I visited Berlin a week after President Obama’s reelection, and came away envious of the strategic clarity and political consensus that mark Germany’s new energy strategy. After months of watching Democrats and Republicans bash each other with vacuous and contradictory rhetoric about where our country’s energy future lies, it was refreshing to see that one of our key allies has a plan—and is implementing it.

Despite having a relatively weak solar resource, strong domestic policy has enabled Germany to dominate the global solar PV market (Source: REN21).

In 2012, Germany got more than 25 percent of its electricity from renewable energy, up from 5 percent in 1995 and 10 percent as recently as 2005. Since 1995, the U.S. share of renewable electricity has hardly budged—going from 10 percent to 11.5 percent.) At the same time, Germany has rapidly increased its energy efficiency, and reduced its carbon dioxide emissions and dependence on imported fossil fuels. Government plans are even more ambitious—at least 80 percent of the nation’s electricity is to come from renewables in 2050.

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China, Climate Change, Climate Policy, coal, energy policy, France, Germany, green transition, Italy, nuclear, renewable energy, solar power, United States, wind power

Figures for the first half of 2012 show a remarkable shift in U.S. energy trends. Coal-fired power generation has plummeted to 20 percent below last year’s level and 31 percent below the peak reached in 2007.  Far from being the fossil fuel of the future (according to many industry leaders and even some environmentalists) American coal may now be in an irreversible downward spiral.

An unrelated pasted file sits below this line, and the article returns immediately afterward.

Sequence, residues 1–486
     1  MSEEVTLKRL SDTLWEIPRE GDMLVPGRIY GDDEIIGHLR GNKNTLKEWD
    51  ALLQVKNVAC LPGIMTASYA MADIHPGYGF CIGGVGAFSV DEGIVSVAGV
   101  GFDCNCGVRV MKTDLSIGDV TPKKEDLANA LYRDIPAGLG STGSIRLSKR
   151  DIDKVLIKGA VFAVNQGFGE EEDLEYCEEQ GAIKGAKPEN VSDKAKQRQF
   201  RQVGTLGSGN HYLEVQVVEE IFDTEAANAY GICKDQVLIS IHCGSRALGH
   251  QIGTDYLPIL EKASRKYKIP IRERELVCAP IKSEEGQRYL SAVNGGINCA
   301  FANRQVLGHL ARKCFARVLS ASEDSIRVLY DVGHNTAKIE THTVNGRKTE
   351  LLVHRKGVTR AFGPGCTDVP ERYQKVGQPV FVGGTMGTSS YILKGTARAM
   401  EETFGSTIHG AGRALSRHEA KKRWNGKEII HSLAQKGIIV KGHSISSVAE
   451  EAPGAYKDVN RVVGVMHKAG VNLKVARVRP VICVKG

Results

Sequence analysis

Coal’s decline has two main causes.  Electricity use has virtually leveled off in the United States since the great recession began in 2008, leaving many U.S. utilities with excess generating capacity and more latitude to choose which of their power plants will operate.  Meanwhile, the rapid decline in U.S. natural gas prices this year—averaging the equivalent of $13 per barrel of oil—has allowed utilities to fire up some of their newer and more efficient gas plants while idling many of their coal plants.

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Climate Change, coal, electricity, emissions reductions, natural gas, United States

Last month, the Indian Parliament devised legislation to replace the archaic Land Acquisition Act of 1894, the British colonial-era law that dictates terms for government acquisition of private land. The new law, which would be renamed The Right to Fair Compensation, Resettlement, Rehabilitation and Transparency in Land Acquisition Act, aims to address India’s chronic land disputes between developers and local communities (which I addressed in part in a previous blog on coal energy in India). The legislation is currently being reviewed by a Cabinet committee due to concerns expressed by several Cabinet ministers that the conditions stipulated for land acquisition are too steep for industry.